In all, the Rural Arizona Project registered 6,000 Arizona voters. Biden won the state by just under 10,500 votes, flipping it blue for the first time since 1996 thanks in large part to high turnout in Navajo Nation precincts that went heavily Democratic.
“The work that we’ve done the last couple of years really came to fruition this year, especially flipping the state of Arizona,” Benally, who served as field director for the program, said. “It was great to see people on the ground doing the legwork to be recognized [by Time]. An overwhelming sense of pride. That’s what I felt. Pride in my community, pride in my field organizers and pride in the organization.”
On her voter registration rounds, Redhorse met people using solar panels to run their oxygen tanks or elderly couples having to haul water into their homes with buckets to take a bath. Just getting to a polling place or post office was difficult for many voters, not to mention risky.But despite the pandemic, voter turnout increased on the Navajo Nation in Arizona between 2016 and 2020, and both Benally and Redhorse said they will work to make sure Biden doesn’t forget the pledges he made once he’s in office.“Biden needs to know that Navajo Nation made the effort to come out, overcoming all of these barriers just to get their ballot and just to vote for him,” Redhorse said, noting that Biden’s campaign platform included increased investment in housing, roads and drinking water projects on tribal nations. “So I hope he does acknowledge the Diné people [and work toward fulfilling his campaign promises].”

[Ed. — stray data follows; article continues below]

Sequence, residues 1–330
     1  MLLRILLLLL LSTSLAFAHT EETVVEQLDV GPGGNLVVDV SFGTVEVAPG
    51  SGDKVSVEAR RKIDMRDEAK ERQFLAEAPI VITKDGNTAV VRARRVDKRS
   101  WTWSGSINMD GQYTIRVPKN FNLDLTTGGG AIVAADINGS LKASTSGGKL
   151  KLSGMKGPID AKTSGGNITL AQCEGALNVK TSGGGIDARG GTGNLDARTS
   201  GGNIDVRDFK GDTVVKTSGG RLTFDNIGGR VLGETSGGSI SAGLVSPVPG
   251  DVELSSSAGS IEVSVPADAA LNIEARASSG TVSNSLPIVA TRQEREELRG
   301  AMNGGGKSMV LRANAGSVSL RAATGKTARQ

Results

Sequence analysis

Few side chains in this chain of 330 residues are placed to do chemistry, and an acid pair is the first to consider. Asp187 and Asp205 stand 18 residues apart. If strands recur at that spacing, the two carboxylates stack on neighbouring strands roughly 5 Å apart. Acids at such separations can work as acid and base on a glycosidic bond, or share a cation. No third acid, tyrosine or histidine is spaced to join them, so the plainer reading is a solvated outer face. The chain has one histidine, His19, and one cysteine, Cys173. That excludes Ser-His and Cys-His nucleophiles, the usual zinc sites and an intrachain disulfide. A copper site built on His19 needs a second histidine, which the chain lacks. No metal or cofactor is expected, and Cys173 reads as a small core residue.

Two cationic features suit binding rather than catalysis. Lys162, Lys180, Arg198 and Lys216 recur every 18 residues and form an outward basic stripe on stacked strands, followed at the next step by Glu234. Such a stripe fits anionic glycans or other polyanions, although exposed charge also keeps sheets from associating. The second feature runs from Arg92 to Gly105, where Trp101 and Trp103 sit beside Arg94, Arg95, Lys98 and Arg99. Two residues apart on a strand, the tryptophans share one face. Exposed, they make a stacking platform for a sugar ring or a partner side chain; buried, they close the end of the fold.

Now that the election is over, Benally and Redhorse are turning their attention back to a rural addressing project that should assist voters and clerk’s offices in future election cycles.
Sands’ relief work, on the other hand, is only going to be ramping up over the next few months.The first snow of the year fell last week across southern San Juan County, and local cases of COVID-19 are on the rise again. Donations to UNHS’ relief program, which can be made through the clinic’s website, are needed now as much as ever, Sands said.
“We haven’t seen the peak of this second wave, and look how bad it is already,” he said. But Sands also noted that the program has been able to better prepare for the coming months thanks to publications like Time spreading the word and organizations stepping up to support the work. The Church of Jesus Christ of Latter-day Saints has been providing regular shipments of food and supplies, and the Utah Trucking Association and the produce company SunTerra have also pitched in, along with countless individuals who donated goods or money.
“People really got behind our work,” he said. “It says a lot about Utah.”
Zak Podmore is a Report for America corps member and writes about conflict and change in San Juan County for The Salt Lake Tribune. Your donation to match our RFA grant helps keep him writing stories like this one; please consider making a tax-deductible gift of any amount today by clicking here.